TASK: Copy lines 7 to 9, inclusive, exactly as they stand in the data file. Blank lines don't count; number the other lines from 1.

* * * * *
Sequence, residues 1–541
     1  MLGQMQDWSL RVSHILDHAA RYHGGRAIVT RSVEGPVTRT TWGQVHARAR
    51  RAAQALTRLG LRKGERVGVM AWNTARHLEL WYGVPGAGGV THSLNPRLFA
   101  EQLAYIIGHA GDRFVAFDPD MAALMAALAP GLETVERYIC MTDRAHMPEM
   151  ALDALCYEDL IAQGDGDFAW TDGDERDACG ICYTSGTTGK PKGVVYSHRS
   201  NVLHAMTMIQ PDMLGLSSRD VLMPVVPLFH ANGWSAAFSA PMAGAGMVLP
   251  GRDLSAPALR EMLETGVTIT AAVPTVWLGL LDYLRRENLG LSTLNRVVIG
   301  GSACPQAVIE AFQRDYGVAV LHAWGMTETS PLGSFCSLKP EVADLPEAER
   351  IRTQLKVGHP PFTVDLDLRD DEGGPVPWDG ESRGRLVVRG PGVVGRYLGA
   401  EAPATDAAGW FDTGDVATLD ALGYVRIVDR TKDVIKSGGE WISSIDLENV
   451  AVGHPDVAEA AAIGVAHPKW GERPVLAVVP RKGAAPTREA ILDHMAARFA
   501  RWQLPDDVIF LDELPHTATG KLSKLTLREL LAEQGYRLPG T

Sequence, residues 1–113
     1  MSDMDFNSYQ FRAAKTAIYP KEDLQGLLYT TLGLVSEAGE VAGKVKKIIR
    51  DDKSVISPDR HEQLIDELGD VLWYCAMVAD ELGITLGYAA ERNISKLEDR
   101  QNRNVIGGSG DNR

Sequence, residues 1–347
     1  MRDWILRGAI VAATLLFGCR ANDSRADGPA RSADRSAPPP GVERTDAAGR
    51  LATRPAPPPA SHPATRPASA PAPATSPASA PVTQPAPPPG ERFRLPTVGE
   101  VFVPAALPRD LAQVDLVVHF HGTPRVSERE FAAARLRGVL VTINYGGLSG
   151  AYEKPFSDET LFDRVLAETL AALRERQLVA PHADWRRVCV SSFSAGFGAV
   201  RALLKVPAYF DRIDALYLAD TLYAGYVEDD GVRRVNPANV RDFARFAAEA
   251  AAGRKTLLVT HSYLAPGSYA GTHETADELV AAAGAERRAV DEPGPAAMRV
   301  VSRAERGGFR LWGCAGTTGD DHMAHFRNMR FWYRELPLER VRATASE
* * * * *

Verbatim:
   251  GRDLSAPALR EMLETGVTIT AAVPTVWLGL LDYLRRENLG LSTLNRVVIG
   301  GSACPQAVIE AFQRDYGVAV LHAWGMTETS PLGSFCSLKP EVADLPEAER
   351  IRTQLKVGHP PFTVDLDLRD DEGGPVPWDG ESRGRLVVRG PGVVGRYLGA